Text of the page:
A new research alleges that Reliance Industries and Reliance Communications have shortchanged investors by over Rs25,000 crore at the RCom formation and that profits have been inflated at RCom between 2006-2010 by almost Rs11,000 crore
A new research just released by Veritas Investment Research of Canada on 18th July titled "Brothers in Arms. Misappropriating a Fortune—The Full Version" alleges that Reliance Communications Limited "is the poster child of everything that is wrong with corporate India, and irrespective of management's assertions about "values" and "integrity" in various annual reports, we find no credible evidence of either in its financial statements or those of its former parent, Reliance Industries Limited."
One of the key discoveries of Veritas is that between the time RCom was demerged from RIL on 31 August 2005 and listed on 6 March 2006, "the ownership of promoters ballooned from 38.27% to 63% in RCom, under the guise of improving shareholder value and transparency. We firmly believe that the 821,484,568 shares issued to management, as per the "Scheme of amalgamation and arrangement involving reorganization" of the group telecom business, as approved by the High Court of Bombay and Gujarat vide orders dated July 21st , 2006 and July 18th, 2006, should be nullified."
As the detailed 50-page report, painstakingly put together by Veritas, bluntly puts it "…the much discussed Ambani split is a charade to deflect attention from a well thought-out plan to split family wealth via formation of similarly named companies, emboldened through strategically timed share allotments within those companies, confusing nomenclature and repeated name changes to enrich insiders at the expense of public shareholders."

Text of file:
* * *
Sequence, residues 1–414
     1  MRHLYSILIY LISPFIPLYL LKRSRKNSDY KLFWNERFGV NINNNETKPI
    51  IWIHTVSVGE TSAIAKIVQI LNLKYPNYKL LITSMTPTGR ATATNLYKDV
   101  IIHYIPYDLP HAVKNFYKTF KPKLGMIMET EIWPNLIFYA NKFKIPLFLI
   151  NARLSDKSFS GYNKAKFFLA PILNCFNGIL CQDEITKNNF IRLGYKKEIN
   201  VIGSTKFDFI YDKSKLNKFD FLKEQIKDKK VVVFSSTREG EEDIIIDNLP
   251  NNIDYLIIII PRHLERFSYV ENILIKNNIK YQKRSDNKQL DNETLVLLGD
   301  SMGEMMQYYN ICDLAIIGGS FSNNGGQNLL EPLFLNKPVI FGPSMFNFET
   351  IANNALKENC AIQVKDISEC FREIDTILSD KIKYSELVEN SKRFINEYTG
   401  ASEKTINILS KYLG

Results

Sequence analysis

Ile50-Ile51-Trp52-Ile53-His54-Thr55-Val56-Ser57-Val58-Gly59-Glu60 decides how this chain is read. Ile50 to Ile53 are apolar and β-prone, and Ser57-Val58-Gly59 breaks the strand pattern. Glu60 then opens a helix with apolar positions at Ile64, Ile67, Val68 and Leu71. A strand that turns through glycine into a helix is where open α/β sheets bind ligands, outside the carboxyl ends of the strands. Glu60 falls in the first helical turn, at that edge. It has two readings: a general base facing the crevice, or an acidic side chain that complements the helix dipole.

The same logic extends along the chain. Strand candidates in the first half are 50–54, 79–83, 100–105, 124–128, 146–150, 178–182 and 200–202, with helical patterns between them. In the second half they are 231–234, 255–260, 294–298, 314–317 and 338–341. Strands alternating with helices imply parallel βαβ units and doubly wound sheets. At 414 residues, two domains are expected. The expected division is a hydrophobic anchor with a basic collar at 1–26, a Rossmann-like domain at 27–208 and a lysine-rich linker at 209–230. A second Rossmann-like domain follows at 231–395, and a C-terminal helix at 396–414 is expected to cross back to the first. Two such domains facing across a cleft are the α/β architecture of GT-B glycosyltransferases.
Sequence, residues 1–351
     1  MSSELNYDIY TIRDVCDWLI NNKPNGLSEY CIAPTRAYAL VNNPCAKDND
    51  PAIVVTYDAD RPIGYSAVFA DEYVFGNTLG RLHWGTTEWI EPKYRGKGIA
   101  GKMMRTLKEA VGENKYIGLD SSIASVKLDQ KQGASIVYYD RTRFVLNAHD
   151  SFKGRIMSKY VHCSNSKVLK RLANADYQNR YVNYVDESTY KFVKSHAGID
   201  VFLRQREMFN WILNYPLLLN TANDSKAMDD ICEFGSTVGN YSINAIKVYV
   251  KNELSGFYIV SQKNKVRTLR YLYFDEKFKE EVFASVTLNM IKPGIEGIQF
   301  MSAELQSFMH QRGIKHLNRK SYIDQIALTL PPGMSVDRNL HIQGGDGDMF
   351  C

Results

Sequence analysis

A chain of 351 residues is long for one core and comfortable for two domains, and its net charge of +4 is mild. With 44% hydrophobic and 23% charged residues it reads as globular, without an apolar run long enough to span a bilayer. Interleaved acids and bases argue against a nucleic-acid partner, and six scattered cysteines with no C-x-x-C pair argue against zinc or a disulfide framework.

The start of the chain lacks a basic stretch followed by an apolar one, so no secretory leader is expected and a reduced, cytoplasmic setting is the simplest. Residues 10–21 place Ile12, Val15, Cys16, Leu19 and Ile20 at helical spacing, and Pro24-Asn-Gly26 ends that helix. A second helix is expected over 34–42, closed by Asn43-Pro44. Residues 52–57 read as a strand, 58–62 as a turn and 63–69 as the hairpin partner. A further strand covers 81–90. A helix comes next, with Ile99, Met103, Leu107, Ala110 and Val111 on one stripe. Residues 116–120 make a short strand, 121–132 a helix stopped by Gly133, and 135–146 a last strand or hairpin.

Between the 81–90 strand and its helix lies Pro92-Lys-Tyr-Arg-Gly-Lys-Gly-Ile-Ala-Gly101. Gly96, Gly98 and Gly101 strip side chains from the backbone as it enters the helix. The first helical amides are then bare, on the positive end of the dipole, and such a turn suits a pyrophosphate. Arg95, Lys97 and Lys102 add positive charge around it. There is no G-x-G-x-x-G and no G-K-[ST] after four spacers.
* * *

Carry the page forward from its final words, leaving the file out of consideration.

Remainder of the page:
The report argues that "the shareholders of RIL are the true owners of these shares, and that the risks and rewards of funding and creating the telecommunication business have been disproportionally allocated to management. We believe minority RIL shareholders should initiate action to recover monies usurped by RIL's majority owners." Veritas estimates that during the formation of RCom, RIL shareholders invested Rs13,675 crore into the business, compared to a paltry Rs186 crore by the management, but after listing on the BSE, the shareholding of minority RIL shareholders declined to 37% from 61.73%. According to Veritas, for the 821.48 million shares issued to management at the formation of RCom, RIL shareholders suffered a loss of Rs25,204 crore based on the March 06, 2006, RCom closing price of approximately Rs307. There are many other allegations in the report which we summarise as follows:
R Com's profit has been inflated: "We believe that on a cumulative basis from FY07-FY10, the Company has inflated its normalized profit before tax ("PBT") in the core telecommunication business by Rs 10,944 crore (US$ 2,408M).
Accounting Standards subverted: "We believe RIL and RCom have used Indian Accounting Standards and associated disclosures, the Court System, the Companies Act and various other mechanisms to enrich insiders at the expense of institutional money managers, minority shareholders and foreign institutional investors. We believe investors in RIL should be aware of management's hubris. Subsequently, via various accounting maneuvers, Reliance has inflated its EBITDA, EPS and book equity. Moreover, year-on-year comparability in most instances is compromised on account of whimsical accounting policy changes, use of "cookie jar accounting" to circumvent the P&L impact of cash expenses via creative use of unreliable non-cash general reserves, understatement of cash interest expenses via intermingling non-cash foreign exchange gains and losses in some years and excluding those in others, and changing depreciation policies enabling a one-time boost to earnings, etc."